For Exercise 2.5 we had to photgraph an event and then work through a process by which we eliminated photographs in stages using the 100/50/25/10 process. This means that during the first pass through the images you’ve captured you reject 50% of them, the second pass through removes another 50%; leaving you with 25% of the original number. The final pass reduces the number that you will work with to 10% of the original number.
In my case I took 340 photos at the British National Ploughing Chnampionships at Bishops Lydeard in Somerset on the 15th October 2017. The event over two days but I went on the second day.
The event is run by the Society of Ploughmen and this is the 67th championships.
The images that I rejected I felt didn’t really have an interesting enough subject, were too cluttered, the subject was too distant or it wasn’t clear what the subject was.
The photos I selected I feel show the wide range of ploughing that was being demonstrated during the day, from horse drawn ploughs all the way to modern tractor ploughing.
The photos all contain a mix of machines, animals and people.
When I went into this activity it was with the work of Martin Parr in mind, particularly one of his images which had a group of people queuing outside a marqee at a garden party. The image of the burger van with people queuing is my attempt at something similar as are images of people stood watching ploughing as well as looking at pieces of farm machinery.
As far as possible the photographs were taken at f11 in order to give the best depth of field, although I did vary this and went to both f2.8 and f28 and above for some shots.
ISO-wise, my initial photographs were taken at ISO 3200 because I’d not reset my camera after the last time I’d taken some pictures while away for a few days. Note to self, reset camera ISO to 400 after using it. Using a high ISO probably added a bit more noise to the images than I would like but it wasn’t overly noticeable when I looked at the images. After realising what the camera was set to I reset the ISO to 400 for the final shots of the day. The benefit of the high ISO was that I could use a very shutter speed, keeping the exposure time short.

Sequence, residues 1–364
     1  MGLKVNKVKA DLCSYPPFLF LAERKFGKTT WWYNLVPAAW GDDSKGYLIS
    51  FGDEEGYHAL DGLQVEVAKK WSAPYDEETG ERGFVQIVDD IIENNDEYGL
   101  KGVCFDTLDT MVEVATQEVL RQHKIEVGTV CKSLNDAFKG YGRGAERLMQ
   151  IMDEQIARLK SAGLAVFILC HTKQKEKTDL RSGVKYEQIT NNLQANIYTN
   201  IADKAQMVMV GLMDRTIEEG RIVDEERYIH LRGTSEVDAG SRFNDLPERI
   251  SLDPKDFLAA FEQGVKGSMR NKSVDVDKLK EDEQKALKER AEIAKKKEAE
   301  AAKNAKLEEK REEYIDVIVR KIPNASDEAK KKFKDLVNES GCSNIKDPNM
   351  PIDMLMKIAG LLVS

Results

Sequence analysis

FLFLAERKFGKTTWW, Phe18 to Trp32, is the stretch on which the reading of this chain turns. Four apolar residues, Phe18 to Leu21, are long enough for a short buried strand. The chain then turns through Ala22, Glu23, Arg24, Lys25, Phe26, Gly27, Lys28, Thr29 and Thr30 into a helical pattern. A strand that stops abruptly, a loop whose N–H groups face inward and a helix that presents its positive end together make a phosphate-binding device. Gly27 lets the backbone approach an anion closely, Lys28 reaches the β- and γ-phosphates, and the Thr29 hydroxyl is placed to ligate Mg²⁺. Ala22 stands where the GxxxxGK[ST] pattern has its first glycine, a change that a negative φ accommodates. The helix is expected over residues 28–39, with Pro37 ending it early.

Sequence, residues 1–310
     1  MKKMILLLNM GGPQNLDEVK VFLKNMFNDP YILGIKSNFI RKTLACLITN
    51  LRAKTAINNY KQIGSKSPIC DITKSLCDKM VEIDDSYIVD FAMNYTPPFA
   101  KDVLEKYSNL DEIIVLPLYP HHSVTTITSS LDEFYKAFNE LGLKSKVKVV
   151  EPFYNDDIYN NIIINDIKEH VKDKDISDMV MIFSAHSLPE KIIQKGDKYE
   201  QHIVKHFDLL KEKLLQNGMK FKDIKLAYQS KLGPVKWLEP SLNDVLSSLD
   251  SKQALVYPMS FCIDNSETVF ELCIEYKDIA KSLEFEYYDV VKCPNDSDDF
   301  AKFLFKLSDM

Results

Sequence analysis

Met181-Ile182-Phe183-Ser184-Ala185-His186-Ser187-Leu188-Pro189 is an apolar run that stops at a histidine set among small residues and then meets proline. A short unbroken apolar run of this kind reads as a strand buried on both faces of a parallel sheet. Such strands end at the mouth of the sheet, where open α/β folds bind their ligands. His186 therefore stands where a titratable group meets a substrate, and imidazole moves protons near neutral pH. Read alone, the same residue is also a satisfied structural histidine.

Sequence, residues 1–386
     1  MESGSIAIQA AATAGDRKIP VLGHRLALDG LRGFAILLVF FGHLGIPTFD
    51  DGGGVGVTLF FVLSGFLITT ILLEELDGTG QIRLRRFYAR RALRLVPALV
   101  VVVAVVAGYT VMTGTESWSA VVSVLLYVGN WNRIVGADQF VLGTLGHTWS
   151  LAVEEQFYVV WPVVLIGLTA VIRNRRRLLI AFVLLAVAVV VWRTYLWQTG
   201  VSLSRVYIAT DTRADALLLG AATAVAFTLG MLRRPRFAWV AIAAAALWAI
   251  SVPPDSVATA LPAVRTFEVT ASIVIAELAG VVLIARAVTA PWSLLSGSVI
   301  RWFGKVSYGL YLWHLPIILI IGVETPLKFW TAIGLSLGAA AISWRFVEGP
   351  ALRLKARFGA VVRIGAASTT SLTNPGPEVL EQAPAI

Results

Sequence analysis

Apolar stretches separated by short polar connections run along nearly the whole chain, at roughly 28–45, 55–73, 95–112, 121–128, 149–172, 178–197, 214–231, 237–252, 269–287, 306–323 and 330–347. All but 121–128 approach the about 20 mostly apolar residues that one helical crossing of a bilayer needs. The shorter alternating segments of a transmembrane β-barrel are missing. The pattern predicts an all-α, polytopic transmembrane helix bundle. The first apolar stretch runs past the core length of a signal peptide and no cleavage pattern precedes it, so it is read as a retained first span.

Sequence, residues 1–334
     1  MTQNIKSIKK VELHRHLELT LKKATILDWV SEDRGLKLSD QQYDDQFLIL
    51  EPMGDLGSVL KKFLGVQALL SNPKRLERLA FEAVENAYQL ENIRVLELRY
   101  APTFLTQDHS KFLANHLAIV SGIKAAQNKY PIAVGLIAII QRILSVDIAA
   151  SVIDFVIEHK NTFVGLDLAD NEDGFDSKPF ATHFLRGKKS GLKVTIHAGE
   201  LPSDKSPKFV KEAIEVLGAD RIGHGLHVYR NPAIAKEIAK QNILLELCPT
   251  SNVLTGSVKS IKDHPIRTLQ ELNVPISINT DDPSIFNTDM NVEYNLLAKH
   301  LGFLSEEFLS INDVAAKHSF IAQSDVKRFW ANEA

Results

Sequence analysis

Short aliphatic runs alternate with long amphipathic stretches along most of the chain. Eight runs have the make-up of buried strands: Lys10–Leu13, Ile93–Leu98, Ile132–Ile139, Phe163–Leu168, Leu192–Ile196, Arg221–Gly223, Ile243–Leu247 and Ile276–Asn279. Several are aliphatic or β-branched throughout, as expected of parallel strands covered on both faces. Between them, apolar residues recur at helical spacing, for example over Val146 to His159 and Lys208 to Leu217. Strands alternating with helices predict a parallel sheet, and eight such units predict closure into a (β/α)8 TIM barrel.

Reflecting on the actual event (British National Ploughing Championships) the number of people that were wandering around with cameras made it so much easier to take photographs because, in addition to taking photo themselves, people were used to seeing others taking photographs. In fact on numerous occasions someone would notice me taking a photo as they walked into the shot, would stop and then apologise because they thought they had got in the way. On these occasions I’d respond with something along the lines of “it’s ok, I’m doing a photography assignment and don’t mind if you happen to get in the shot”. Interestingly not once did anyone show any sign of concern that their picture had been taken, a sign that we are so used to people taking photographs that we don’t think too much about the reason someone is taking pictures that might include us.